I’ve just finished reading a great article in the NY Times by Donald G. McNeil Jr. The Coronavirus in America: The Year Ahead. This is by far the best science-based assessment I’ve run across as I sit scouring the internet for facts. While many people are similarly obsessed, their motivations are generally about their exposure and that of their loved ones. Because of my age, I should be equally concerned but, because I’ve accomplished most of my goals, I am at peace with my mortality. What drives my search is what will be the impact on children, especially those of preschool age.

The good news is children seem to be the least susceptible to the illness both in terms of symptoms and death. ALthough there are some troubling new symptoms. While their health is not a huge concern, how we care for and educate them is one of the most challenging problems we have yet to address. Fortunately, there are pilot programs now being run for the children of front-line workers that will give us insights on how we can manage such programs. The initial indications are that this is not an insurmountable problem. Longer-term management is far less clear.

The most immediate issue will be staffing. Since children can be carriers for infection, sooner or later, the staff of preschools are likey to come down with the coronavirus ether through contact with children or when they are out in the community. Most will recover, some will not. This will result in two trends, a shortage of teachers and a demand for higher pay. It will take some time before we realize that all front-line workers have been undervalued and for the society to begin to recognize that teachers ARE front-line works who are grossly underpaid.

In our capitalistic society, the economics of preschool has always been skewed because it was established when childcare was “women’s work” and, therefore, not the responsibility of the father as the breadwinners. Thus, we expect families, rather than society, as we do for older children, to pay for preschools. This economic stress has a regressive impact on families who are, for the most part, at the start of their income-generating opportunities. This is exacerbated these days by the heavy burden many families carry for their college education. It is possible but extremely unlikely that our society will suddenly make both preschools and college free for all. That means that in the gradual reopening of the economy, these perverse economics, together with the adjustments made to a new post-pandemic paradigm, families will increasingly find that preschools are no longer affordable. Many couples, and their employers, will conclude that working from home and watching their children is the sensible thing to do.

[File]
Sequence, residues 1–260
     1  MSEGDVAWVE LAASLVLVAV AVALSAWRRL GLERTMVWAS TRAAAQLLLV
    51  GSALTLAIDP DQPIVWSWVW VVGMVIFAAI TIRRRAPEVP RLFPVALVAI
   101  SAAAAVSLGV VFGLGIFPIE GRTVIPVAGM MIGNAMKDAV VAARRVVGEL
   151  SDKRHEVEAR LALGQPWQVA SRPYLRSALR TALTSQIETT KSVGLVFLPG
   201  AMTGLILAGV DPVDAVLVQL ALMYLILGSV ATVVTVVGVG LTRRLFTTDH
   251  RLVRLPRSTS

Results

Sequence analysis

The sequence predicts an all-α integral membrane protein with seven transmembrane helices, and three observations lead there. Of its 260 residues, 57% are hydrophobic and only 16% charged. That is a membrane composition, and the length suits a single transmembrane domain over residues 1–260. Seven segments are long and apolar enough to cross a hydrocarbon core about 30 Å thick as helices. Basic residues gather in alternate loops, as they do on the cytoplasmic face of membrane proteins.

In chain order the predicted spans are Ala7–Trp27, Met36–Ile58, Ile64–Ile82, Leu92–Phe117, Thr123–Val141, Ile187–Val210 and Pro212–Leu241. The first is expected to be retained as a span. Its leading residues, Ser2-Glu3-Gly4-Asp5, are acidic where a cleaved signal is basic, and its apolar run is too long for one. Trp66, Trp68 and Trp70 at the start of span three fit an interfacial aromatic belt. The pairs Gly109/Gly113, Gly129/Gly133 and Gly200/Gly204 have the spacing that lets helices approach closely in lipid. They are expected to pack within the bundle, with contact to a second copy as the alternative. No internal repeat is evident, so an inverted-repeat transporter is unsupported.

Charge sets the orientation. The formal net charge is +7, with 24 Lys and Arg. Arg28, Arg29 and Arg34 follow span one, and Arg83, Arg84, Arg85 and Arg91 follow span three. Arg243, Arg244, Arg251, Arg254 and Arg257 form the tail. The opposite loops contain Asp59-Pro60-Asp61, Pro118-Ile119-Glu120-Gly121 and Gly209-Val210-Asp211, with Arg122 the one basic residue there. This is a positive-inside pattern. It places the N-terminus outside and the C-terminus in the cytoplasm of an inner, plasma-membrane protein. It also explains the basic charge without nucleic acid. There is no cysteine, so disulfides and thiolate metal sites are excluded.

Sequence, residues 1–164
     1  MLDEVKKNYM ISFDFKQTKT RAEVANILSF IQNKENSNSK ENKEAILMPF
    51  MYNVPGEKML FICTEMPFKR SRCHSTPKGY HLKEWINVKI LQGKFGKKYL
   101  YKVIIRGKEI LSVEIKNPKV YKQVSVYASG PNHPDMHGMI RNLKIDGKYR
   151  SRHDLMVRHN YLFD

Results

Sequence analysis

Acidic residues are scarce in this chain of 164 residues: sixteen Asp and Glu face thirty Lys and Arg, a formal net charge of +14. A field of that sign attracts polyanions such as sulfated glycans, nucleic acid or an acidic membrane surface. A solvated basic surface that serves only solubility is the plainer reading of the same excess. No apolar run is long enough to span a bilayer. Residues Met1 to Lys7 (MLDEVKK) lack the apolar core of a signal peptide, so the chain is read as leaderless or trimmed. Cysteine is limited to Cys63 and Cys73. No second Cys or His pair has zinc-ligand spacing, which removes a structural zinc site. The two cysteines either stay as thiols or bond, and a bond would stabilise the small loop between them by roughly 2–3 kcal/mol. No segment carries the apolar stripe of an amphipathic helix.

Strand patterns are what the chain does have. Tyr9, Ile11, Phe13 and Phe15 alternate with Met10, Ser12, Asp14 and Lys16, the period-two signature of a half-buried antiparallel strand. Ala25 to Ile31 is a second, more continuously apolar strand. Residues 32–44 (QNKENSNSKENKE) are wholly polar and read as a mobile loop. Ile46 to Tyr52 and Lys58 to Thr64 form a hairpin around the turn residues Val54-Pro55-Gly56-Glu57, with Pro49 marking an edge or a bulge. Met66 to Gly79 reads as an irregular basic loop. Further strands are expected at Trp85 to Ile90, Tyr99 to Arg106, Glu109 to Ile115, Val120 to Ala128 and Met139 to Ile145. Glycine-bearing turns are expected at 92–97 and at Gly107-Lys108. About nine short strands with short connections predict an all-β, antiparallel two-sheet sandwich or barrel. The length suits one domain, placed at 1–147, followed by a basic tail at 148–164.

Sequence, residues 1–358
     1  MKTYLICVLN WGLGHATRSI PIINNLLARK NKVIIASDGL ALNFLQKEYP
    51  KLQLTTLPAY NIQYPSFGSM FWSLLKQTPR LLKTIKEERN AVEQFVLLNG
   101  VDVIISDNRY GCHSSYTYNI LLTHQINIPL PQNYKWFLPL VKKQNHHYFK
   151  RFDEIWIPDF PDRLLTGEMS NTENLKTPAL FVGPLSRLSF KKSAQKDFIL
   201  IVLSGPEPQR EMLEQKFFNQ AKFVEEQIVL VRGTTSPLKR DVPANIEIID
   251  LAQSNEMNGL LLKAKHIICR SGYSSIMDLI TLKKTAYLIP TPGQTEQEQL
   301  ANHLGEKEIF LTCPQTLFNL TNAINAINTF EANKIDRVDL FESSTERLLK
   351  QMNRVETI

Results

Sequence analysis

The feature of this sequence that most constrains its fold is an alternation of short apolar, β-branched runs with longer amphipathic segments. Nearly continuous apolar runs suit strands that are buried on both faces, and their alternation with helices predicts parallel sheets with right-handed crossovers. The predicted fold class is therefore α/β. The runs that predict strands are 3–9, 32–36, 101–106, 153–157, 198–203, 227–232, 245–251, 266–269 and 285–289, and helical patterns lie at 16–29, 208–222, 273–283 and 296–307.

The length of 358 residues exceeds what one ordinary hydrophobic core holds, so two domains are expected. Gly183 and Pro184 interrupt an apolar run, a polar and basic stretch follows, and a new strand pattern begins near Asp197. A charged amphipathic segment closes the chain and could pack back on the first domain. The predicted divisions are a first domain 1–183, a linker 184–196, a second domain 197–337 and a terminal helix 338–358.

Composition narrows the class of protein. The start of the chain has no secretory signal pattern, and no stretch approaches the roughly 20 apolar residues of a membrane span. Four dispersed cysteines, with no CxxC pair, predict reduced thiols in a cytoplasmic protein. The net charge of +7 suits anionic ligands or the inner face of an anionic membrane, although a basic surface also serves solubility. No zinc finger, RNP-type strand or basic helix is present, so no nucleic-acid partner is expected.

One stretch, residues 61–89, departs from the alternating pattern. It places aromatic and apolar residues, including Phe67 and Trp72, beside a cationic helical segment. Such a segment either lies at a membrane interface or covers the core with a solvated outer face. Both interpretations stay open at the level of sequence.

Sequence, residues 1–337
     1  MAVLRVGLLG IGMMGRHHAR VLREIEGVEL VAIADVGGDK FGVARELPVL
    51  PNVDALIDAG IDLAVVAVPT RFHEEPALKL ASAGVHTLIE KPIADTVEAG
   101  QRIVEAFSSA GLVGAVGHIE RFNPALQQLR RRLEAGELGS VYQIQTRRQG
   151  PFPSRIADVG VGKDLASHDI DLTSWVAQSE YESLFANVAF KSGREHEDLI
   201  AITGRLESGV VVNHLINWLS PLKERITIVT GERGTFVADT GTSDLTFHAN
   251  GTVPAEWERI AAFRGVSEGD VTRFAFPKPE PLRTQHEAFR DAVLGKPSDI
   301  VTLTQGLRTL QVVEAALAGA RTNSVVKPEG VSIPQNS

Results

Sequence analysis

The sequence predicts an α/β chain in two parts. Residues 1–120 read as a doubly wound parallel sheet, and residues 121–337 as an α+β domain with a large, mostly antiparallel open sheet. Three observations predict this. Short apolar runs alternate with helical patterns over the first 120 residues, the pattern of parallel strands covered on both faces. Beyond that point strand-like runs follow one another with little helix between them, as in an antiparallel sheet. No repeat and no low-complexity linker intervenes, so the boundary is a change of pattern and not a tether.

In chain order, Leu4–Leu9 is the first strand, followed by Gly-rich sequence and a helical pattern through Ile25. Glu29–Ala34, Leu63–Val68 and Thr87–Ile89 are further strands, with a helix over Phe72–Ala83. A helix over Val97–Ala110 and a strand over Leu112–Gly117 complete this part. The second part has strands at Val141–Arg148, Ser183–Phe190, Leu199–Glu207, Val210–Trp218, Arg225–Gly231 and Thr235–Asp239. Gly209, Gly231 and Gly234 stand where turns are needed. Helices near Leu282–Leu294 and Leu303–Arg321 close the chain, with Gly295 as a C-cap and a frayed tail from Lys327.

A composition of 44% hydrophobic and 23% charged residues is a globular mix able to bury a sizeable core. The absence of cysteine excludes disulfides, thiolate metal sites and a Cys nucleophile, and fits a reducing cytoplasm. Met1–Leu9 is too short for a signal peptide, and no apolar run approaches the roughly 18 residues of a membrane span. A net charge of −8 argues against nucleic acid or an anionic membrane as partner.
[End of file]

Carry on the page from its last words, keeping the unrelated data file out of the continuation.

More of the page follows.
While this could be a trend that lasts for only a few years, when one looks at the history of post-pandemic societal changes, they tend to have very long-term impacts. Taken together with the rapid acceleration in technology and the nature of modern work, we can expect home childcare to become the norm. What do these trends mean for children?

When it comes to sit-down education, they will be just fine. There is an unlimited supply of educational materials and online content that is more than adequate to provide a solid basis for academic learning. We can also expect that parents will have to adopt a more play-based form of learning if, for no other reason, than it is far less time-consuming. So, is there a downside for kids?

There sure as heck is a downside when it comes to physical activity and development. How many homes have the sort of environment that provides the full spectrum of physical development? For that matter, how many playgrounds do? That is, if kids are allowed to go there, and parents have the time to supervise them for a couple of hours a day. Play in the neighborhood? Forget about it.